Preliminary analysis of the 1994 National Aboriginal and Torres Strait Islander Survey (NATSIS) indicates that arrest is one of the major factors underlying the poor employment prospects of the Indigenous population. Unfortunately, these early studies could not determine the direction of causality between arrest and employment. This paper addresses this problem by distinguishes the employment effect of the arrest from the effect of the unobservable characteristics of those arrested.
The experience of arrest among Indigenous Australians reduces the probability of being in employment by between
- 13 to 20 per cent for males, and
- 7 to 13 per cent for females.
Differences in arrest rates between Indigenous and non-Indigenous Australians may explain over 20 per cent of the difference in employment/population ratios between those groups.
There are a number of reasons why arrest reduces employment prospects. If a person who has been arrested is stigmatised by employers, they are less likely to obtain employment Alternatively, employers may be deterred from locating in regions with high levels of criminal activity and hence there may be limited employment opportunities for persons living in those regions. On the supply side, contact with the criminal justice system may affect a person's motivation to work, or perceptions of the expected benefits from seeking employment. Unfortunately, it is not possible to distinguish between supply and demand side influences of arrest.
This paper illustrates the importance of social factors in determining Indigenous employment. The significance of general socioeconomic indicators, such as whether a person voted in a recent election or whether they have a long-term health condition, means that labour economists should consider controlling for such factors, wherever possible.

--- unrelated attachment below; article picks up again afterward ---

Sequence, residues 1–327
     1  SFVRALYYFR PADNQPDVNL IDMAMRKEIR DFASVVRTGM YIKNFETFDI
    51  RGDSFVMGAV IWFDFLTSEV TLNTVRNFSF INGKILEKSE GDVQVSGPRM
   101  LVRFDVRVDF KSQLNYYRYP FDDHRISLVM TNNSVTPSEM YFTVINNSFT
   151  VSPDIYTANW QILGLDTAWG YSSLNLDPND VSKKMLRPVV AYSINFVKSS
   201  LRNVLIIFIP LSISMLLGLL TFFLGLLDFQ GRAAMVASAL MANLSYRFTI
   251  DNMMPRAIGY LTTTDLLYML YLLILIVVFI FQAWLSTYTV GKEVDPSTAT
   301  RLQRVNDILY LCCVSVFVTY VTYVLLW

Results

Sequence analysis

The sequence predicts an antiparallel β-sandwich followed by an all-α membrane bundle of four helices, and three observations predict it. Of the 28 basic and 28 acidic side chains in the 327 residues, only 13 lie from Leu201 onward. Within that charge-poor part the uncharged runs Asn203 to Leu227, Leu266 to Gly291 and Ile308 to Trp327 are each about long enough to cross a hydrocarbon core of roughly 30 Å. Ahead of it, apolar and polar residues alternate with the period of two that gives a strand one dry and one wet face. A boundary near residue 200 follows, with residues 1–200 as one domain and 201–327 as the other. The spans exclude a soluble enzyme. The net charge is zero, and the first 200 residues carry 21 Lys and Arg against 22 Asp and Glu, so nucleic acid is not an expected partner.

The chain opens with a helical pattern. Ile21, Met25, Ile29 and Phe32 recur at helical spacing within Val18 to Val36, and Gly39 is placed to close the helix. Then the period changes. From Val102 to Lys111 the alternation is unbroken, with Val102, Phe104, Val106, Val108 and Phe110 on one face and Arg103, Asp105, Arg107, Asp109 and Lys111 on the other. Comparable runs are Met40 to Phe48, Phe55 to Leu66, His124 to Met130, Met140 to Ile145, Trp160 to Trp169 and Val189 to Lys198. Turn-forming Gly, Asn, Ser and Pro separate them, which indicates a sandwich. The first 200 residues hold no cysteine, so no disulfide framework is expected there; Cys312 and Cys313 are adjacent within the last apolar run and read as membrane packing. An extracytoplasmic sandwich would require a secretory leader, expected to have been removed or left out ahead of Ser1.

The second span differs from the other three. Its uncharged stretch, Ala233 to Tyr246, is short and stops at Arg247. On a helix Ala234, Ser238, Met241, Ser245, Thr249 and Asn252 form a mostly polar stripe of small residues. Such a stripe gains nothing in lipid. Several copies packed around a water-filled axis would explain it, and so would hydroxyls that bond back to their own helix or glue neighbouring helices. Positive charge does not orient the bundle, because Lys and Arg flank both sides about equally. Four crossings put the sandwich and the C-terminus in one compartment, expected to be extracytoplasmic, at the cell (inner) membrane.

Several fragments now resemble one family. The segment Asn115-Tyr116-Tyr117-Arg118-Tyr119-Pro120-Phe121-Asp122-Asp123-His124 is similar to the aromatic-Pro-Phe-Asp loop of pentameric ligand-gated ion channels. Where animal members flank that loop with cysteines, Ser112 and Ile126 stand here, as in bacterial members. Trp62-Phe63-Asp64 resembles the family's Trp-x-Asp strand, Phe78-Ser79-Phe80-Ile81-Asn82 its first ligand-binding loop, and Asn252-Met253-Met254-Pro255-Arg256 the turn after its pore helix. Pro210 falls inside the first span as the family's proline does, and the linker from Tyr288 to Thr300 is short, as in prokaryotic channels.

This study also confirms that removal from family environment has an adverse impact on the final socioeconomic status of individuals with the experience of arrest being the mode of transmission of disadvantage. Being taken from one's natural family increases the probability of arrest, but does not directly influence the employment outcome. This result contradicts the claims of certain demagogues who believe that members of the 'stolen generation' benefited from being taken away from their families. The statistical evidence clearly indicates that the average member of this generation has not experienced improved economic outcomes through greater employment opportunities.
The effect of arrest on employment differs by reason for most recent arrest. Persons whose most recent arrest was for a drinking-related offence or on an outstanding warrant appear to have lower employment probabilities than persons arrested for theft or assault.
The preponderance of alcohol-related offences in the Indigenous population also emphasises the direct benefits of decriminalising drunkenness. With 12.4 per cent Indigenous males having been arrested in the previous five years for public drunkenness and disorderly conduct, more than 10 per cent of the differential employment rates between the Indigenous and non-Indigenous population may be eliminated by changing the law(s) which fail to recognise cultural differences between Indigenous and mainstream Australian societies.
The findings of this paper resonate with the recommendations of the Royal Commission into Aboriginal Deaths in Custody. In particular, ensuring that Indigenous citizens stay out of jails should be a priority policy issue for governments who are concerned about Indigenous employment outcomes.
ISBN: 0 7315 2571 X